View Only Lists in Modern SharePoint Lists


For me, one of SharePoint online’s standout features has always been document previews. Clicking on a document in SharePoint would show the document in the browser with no additional tools required. These days it’s not just Office documents, but a huge and growing list of different file types you can do this for. Code, plain text, XML, Office documents, in fact pretty much anything you are likely to want to put in SharePoint.

We recently had a request wondering if it was possible to only show documents in the document preview, and not allow users to download the document locally, as they wished to limit what users could do with documents in terms of sharing and locally modifying these files. It turns out you can with a modern list, and it’s quite easy to do, but not well documented anywhere.

As ever, there are some caveats. Firstly, images are pretty easy to download if they are on screen, nor can you prevent the user copying and pasting the content elsewhere. Otherwise on a modern browser everything works pretty well, but IE 11 and earlier alas allow you to circumvent the restrictions if the user knows how. If you want iron clad control over documents, then you should be looking at Office 365’s Data Loss Prevention features. Even then you are mearly making things harder for determined would be leaker.

Creating View Only Permission Level

The first thing you’ll need to do is go to Site Settings then Site Permissions. From the ribbon select ‘Permission Levels’.


Then we can create a new permission level with some fairly tight restrictions, so that members of this group can only view a document, but not open then. You will also need to ensure the permission level has permission to ‘View Application Pages’ to enable users to see the list. The list section should look something like this:

List Permissions

Next you’ll need to ensure that the permission level has permission to ‘View Pages’ and ‘Open’ under the web permisssions section, like so:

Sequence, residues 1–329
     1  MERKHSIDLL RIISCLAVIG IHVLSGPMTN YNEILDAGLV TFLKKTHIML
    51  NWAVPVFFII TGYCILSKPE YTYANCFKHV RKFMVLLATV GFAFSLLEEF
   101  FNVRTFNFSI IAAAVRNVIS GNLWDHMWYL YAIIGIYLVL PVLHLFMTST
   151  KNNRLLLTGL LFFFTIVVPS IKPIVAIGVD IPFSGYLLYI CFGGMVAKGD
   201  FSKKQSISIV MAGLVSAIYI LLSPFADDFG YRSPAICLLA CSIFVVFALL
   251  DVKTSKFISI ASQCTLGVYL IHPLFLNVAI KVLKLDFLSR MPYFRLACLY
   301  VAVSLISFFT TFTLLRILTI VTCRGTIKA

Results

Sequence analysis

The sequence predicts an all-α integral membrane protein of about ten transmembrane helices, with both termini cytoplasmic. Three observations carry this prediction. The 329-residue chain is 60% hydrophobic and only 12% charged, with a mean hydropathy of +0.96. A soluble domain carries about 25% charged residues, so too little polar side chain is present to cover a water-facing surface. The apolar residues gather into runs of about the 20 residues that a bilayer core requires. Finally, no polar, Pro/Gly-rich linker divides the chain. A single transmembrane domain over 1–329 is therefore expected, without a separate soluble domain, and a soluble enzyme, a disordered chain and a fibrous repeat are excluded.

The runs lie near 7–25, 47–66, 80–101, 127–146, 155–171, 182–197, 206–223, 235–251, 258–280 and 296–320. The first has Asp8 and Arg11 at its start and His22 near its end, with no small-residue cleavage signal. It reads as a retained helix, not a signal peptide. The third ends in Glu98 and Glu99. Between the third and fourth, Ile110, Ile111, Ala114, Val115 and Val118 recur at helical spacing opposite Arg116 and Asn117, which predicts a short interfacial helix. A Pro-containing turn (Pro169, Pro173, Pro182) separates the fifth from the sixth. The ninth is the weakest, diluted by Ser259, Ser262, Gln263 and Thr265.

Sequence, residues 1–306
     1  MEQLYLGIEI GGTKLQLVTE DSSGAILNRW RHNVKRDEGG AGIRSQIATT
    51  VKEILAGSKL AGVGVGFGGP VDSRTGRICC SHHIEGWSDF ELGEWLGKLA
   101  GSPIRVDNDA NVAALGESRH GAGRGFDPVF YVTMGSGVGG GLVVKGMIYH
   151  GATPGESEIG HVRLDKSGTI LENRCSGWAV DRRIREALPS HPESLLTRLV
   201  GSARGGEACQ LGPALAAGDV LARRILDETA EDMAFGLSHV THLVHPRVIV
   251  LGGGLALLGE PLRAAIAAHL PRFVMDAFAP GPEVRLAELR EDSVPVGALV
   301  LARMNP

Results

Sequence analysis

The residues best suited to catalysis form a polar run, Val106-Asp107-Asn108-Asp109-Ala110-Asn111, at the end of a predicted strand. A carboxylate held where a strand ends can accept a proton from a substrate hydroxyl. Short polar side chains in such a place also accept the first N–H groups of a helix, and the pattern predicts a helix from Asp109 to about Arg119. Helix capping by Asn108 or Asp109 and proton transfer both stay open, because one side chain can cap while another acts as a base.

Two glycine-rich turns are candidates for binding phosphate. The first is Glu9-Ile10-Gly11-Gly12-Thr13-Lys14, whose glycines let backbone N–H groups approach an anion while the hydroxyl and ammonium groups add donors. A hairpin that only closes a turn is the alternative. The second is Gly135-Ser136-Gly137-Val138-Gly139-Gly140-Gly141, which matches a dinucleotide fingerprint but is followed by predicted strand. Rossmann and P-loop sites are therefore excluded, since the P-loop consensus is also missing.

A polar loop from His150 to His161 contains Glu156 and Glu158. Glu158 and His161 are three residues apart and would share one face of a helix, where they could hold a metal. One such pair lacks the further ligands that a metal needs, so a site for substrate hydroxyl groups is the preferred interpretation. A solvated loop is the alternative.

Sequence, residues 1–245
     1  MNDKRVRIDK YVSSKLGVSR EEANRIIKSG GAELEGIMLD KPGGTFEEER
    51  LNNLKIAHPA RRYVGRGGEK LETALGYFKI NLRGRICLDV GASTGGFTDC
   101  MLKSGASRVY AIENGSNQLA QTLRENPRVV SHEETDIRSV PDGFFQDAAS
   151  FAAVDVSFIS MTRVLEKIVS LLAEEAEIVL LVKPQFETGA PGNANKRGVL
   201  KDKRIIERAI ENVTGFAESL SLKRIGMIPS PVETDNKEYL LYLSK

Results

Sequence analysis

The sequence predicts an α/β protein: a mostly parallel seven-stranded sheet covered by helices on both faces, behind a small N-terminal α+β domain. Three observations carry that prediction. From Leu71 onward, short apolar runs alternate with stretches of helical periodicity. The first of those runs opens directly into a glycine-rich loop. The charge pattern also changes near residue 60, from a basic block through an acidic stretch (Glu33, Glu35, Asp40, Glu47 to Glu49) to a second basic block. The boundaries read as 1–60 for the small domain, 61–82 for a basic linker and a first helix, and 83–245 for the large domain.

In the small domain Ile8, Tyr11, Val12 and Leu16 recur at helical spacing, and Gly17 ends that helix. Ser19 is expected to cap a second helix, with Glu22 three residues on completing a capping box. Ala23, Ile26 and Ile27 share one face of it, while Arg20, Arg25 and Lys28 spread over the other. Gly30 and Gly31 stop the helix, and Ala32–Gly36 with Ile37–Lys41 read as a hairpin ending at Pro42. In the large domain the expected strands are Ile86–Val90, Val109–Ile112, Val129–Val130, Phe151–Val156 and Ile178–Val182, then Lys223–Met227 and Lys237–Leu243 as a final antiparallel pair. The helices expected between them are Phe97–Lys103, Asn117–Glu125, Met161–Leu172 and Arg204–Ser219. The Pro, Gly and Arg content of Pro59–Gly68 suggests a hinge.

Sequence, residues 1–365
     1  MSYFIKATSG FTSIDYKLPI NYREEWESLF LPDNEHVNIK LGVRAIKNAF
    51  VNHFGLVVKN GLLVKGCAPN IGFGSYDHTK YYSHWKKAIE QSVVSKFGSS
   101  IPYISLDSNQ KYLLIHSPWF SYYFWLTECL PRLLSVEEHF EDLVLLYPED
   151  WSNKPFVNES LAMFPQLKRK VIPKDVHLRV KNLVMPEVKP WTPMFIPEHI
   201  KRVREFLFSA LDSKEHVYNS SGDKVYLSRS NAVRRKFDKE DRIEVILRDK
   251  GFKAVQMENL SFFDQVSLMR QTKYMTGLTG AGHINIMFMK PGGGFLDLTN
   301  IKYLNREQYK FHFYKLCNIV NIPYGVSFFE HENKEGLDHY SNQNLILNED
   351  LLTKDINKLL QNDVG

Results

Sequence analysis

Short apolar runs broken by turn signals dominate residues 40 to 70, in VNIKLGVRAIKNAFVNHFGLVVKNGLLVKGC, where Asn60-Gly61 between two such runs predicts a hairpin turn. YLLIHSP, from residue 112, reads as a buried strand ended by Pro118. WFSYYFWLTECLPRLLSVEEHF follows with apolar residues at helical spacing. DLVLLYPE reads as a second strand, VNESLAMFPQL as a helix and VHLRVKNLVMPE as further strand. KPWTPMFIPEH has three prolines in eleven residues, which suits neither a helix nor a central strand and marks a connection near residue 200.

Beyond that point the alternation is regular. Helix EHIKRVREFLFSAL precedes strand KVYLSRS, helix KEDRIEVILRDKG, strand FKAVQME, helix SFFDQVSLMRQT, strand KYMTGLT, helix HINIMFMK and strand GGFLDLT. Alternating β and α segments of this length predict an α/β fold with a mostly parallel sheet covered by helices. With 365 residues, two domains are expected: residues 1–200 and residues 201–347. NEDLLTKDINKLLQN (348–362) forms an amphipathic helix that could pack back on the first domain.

Web Permissions

This permissions level is associated with a site collection, and can be reused across multiple lists.

Changing the library permissions

Find the document library you want to apply this to, and then via Library Settings, go to ‘Permissions for this document library’. You will need to select ‘Stop Inheriting Permissions’ and break the permissions that are applied to this library, and then apply some changes.

Applying new permissions

Assuming that we wish for ‘visitors’ to be able to only view documents, as owners and members can edit documents, we need to change the permission level of visitor. If your groups are different the same principle can be applied to other groups.

To do this, we need to edit the permission for the visitors group by first selecting the checkbox next to the group, and then selecting ‘edit user permissions’.

Adding permissions

The first thing I always do is make sure I uncheck the hidden ‘send an email invitation’ checkbox, which Microsoft bizzarely made a hidden default value, as I really don’t want to email everyone in the visitors group.

Then, we need to select the ‘View Only’ permission level in the permission level dropdown.

You can use the ‘check permissions’ button in the ribbon to confirm that a know member of the visitors group has got view only permission, but the best test is always to try with an actual member of the visitors group.

Testing View Only

With a user who is a member of the test account verify you can see the list. You should see something like this:


Then click on a document, and it should open in the previewer. You’ll notice that Office files read only in the preview pane, and there is no ability to edit.


It’s worth remembering this only works for supported file types (there’s a lot of them). You can test this by uploading a text file with a random name and extension like, and you’ll notice the file only downloads.

IE Spoils the party again

In modern browsers such as Edge, Chrome Safari etc, there is no One Drive sync button or any other obvious means to download the files locally.

Sadly, in IE 11 and below, although the normal views of the list behave as expected, the view menu on the right hand side gains an option called ‘View in File Explorer’:

IE 11

CLicking on this opens a new tab, as well as prompting you to open a popup window which opens the library in Windows Explorer. Readonly permissions is respected, so changing local files will not change the files in SharePoint, but of course, you have just downloaded the files, which doesn’t respect the view only permission you just setup. Not only that, but in the new tab, you can click on the files, and instead of the preview, you just get to download the file. The inclusion of the ‘View in File Explorer’ seems like it must have been added delibrately for some reason when browsing with IE, but alas breaks the intend of our permission. Oh well. IE spoils the party.

Written on September 25, 2018